In the comics, the father of Shang-Chi, the Master of Kung-Fu, was Fu Manchu. This has been retconned, and is being retconned again for the upcoming Marvel Cinematic Universe movie. (It looks like we will get to see this one released to theaters as scheduled, since the SIOs—suits-in-offices—at Disney say it’s too late for them to yank it from the schedule due to the Deltarona, otherwise they most certainly would have done so. ETERNALS may yet get yanked, depending on whether the current phase of the pandemic has crested before November, and the decision whether or not to yank the new Spider-Man movie will be Sony’s and not Disney’s.) From a storytelling point of view, it makes more sense to have Shang-Chi’s father be the Mandarin. (The *real* Mandarin.) If they’d used Fu Manchu, they would’ve had to do a complete deconstruction and rebuilding of the character to rid him of his racist origins, his perfect embodiment of the “Yellow Peril” that permeates his origin, as addressed here in this linked article. Why bother, when Fu Manchu is no longer a featured villain in Marvel lore, whereas the Mandarin is?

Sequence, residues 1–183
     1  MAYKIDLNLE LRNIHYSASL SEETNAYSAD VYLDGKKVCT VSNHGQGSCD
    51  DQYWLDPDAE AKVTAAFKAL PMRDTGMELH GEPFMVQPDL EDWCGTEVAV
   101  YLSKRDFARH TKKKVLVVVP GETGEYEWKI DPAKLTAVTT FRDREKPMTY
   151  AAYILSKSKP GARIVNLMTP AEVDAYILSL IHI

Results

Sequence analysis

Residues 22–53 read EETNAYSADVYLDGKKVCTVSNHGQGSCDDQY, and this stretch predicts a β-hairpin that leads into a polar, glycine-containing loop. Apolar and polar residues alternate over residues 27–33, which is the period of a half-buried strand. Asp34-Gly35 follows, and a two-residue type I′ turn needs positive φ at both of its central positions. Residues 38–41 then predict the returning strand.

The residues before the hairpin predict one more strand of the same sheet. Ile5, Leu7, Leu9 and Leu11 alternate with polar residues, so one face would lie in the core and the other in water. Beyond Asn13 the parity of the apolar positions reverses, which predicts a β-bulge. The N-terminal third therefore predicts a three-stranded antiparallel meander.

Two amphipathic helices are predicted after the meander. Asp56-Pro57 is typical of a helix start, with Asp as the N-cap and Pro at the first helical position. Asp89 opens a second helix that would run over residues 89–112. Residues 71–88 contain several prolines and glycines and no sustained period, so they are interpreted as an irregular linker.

Fu Manchu concerns us here on this site because Boris Karloff and Christopher Lee both portrayed him on film. This is deliciously ironic. Under normal circumstances, such casting of Caucasian actors as characters meant to be Asian wouldn’t fly by today’s standards. But it’s actually a good thing in this case. It’s better if Fu Manchu *isn’t* Asian. Just let him be a supervillain, sans racial stereotypes. Same with Ming the Merciless, who was based on Fu Manchu. In any future Flash Gordon stories, emphasize that Ming is alien, not Asian. The best supervillains aren’t even human, so there’s no reason to tie them to any particular culture or ethnicity.